Browsing by Subject "TIMBER"

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  • Kylkilahti, Eliisa; Berghäll, Sami; Autio, Minna; Nurminen, Jonne; Toivonen, Ritva; Lähtinen, Katja; Vihemäki, Heini; Franzini, Florencia; Toppinen, Anne (2020)
    Consumer acceptance of new bio-based products plays a key role in the envisioned transition towards a forest-based bioeconomy. Multi-storey wooden buildings (MSWB) exemplify a modern, bio-based business opportunity for enacting low-carbon urban housing. However, there is limited knowledge about the differing perceptions consumers hold regarding wood as an urban building material. To fill this gap, this study explores Finnish students' perceptions of MSWB relative to their familiarity with wooden residential buildings, and then connects these perceptions to 'consumption styles.' Data were collected in the Helsinki metropolitan area via an online questionnaire (n = 531). The results indicate that the aesthetic appearance of MSWB are appreciated most by frugal and responsible consumers, whereas the comfort, environmental friendliness, and longevity of MSWB are important to consumers who identify themselves as 'thoughtful spenders.' The study suggests that both environmental and hedonic young consumers already familiar with the use of wood in housing contribute to a successful bioeconomy in the urban context.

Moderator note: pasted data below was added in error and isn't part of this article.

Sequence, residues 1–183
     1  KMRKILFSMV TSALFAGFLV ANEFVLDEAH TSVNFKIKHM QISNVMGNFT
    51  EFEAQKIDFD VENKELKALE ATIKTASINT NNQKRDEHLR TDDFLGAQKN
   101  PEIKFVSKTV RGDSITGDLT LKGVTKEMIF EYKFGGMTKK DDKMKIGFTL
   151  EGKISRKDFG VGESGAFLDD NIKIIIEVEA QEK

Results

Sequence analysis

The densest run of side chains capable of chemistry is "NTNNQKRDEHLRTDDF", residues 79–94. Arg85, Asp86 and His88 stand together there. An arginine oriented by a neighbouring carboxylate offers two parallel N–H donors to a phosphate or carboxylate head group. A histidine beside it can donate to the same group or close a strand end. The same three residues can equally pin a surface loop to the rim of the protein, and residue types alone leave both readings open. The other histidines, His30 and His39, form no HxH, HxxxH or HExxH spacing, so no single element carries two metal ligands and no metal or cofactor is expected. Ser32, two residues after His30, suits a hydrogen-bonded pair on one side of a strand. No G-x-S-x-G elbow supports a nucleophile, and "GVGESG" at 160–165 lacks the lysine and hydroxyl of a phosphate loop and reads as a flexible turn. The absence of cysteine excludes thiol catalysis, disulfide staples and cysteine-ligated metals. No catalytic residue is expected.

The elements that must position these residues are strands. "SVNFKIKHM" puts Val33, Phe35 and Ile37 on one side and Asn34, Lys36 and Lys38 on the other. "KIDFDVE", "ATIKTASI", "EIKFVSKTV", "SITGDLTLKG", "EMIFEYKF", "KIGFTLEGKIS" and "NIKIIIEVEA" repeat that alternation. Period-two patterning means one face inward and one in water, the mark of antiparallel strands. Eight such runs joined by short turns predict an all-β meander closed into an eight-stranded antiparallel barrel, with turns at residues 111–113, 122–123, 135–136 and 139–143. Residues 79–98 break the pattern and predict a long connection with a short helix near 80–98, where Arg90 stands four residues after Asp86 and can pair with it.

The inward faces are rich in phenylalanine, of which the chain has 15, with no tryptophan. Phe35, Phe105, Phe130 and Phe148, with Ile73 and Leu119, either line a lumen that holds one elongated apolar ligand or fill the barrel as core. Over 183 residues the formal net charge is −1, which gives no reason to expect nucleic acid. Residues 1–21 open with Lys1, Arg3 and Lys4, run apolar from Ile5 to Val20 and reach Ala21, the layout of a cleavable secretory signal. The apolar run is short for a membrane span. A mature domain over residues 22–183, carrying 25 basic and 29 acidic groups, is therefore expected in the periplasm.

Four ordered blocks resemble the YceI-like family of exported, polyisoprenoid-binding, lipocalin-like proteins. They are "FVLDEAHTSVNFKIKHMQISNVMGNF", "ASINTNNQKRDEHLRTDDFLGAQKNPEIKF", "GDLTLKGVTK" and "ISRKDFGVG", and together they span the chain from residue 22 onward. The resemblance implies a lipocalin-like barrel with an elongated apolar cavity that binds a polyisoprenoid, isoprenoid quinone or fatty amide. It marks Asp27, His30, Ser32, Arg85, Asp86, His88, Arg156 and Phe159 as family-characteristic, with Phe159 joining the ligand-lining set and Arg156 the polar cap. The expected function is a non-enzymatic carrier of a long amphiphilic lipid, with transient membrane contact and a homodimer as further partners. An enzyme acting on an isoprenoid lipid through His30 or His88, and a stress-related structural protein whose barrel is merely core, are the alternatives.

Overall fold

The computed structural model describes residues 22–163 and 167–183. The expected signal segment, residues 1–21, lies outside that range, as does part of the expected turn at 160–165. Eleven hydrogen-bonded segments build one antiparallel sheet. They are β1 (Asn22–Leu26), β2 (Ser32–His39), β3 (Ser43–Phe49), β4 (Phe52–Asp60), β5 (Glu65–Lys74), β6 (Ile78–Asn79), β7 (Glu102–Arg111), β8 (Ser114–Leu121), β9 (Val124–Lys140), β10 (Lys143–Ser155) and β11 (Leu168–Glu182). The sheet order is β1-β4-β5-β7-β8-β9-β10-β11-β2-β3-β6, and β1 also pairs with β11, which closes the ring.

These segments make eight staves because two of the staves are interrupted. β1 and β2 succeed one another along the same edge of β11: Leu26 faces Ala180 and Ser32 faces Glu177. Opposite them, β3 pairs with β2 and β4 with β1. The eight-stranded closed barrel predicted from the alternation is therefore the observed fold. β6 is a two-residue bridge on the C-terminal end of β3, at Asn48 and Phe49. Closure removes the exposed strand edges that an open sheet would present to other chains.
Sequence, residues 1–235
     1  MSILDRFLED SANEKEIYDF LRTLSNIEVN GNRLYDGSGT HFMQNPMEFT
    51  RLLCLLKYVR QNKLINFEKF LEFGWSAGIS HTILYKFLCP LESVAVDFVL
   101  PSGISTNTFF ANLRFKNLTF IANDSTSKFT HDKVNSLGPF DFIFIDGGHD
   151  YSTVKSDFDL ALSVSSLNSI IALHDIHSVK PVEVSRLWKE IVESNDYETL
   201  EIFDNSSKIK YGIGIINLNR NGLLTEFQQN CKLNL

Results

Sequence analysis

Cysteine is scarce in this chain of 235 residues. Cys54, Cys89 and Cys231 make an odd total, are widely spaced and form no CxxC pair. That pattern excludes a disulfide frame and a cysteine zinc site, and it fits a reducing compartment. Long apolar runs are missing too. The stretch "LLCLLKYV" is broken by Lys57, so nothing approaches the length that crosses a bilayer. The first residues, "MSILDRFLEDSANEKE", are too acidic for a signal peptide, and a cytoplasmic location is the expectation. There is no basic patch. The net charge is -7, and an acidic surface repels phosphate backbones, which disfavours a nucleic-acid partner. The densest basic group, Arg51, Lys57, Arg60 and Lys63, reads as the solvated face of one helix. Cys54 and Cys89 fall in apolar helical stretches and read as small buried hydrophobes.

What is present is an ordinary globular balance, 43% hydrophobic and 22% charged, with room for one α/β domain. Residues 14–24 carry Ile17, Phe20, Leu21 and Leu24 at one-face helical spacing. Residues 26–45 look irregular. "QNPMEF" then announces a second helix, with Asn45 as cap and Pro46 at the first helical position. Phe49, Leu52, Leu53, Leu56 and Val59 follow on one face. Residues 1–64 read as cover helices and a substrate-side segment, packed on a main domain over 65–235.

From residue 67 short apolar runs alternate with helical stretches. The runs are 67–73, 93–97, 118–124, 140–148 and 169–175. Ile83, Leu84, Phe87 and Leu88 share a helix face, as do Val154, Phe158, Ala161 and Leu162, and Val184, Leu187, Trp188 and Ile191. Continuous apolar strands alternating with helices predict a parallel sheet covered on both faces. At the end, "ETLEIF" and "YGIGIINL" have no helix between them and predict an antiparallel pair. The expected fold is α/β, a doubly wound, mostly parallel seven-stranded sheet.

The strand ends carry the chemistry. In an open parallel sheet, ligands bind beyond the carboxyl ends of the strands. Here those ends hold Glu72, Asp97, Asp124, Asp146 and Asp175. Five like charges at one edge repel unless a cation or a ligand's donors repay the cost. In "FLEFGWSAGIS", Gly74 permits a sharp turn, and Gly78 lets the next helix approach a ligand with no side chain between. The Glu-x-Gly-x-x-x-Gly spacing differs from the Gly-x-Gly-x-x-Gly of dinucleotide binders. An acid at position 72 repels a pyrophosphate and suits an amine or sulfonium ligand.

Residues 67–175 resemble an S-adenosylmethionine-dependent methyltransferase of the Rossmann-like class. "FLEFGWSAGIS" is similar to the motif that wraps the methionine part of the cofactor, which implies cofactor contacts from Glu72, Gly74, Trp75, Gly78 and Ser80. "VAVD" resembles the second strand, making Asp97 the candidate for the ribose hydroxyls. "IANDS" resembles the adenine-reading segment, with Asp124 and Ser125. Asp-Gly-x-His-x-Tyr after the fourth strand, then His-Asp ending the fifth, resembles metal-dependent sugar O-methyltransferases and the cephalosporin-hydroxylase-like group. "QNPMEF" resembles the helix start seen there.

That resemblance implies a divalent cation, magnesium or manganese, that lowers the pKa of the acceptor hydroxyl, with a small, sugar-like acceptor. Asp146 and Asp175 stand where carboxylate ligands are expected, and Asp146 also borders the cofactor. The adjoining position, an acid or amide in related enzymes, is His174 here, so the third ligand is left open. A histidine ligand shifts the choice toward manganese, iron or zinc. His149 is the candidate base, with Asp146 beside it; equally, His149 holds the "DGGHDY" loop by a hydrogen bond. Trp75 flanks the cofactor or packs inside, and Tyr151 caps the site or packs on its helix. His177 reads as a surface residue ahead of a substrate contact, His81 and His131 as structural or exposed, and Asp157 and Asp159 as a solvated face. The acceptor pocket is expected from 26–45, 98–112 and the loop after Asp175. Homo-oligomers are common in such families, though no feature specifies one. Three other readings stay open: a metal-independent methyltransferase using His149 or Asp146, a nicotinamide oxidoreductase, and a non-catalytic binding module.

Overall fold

• Viholainen, Noora; Franzini, Florencia; Lähtinen, Katja; Nyrud, Anders Q.; Widmark, Camilla; Hoen, Hans Fredrik; Toppinen, Anne (2021)
    Multi-story wooden buildings are hailed as a favorable means toward reducing the embodied energy of the construction sector. However, the sector's path- dependent nature hinders acceptance of using wood in multi-story construction. As a result, research predominantly focuses on examining the perceptions of construction professionals to identify means of breaking the path dependency. We propose using citizens' perceptions about the use of wood to inform professional decision makers. Our research thus aims to answer two questions: What are citizens' perceptions about using wood as a construction material, and are there country-based cultural differences between these perceptions? To elicit this spectrum of citizen views, an online survey was deployed in Austria, Denmark, Finland, Germany, Norway, Sweden, and the United Kingdom. Qualitative content analysis was used to analyze 6633 open-ended responses to the survey. Respondents held multi-faceted opinions about the physical properties, environmental, social, and economic aspects of using wood as a construction material. Citizens from Finland, Norway, and Sweden expressed discernably different perspectives about the acceptability of using wood than did citizens from Austria, Denmark, Germany, and the United Kingdom. Overall, respondents from all countries expressed high approval for the use of wood in construction.
  • Pyörälä, Jiri; Kankare, Ville; Vastaranta, Mikko; Rikala, Juha; Holopainen, Markus; Sipi, Marketta; Hyyppä, Juha; Uusitalo, Jori (2018)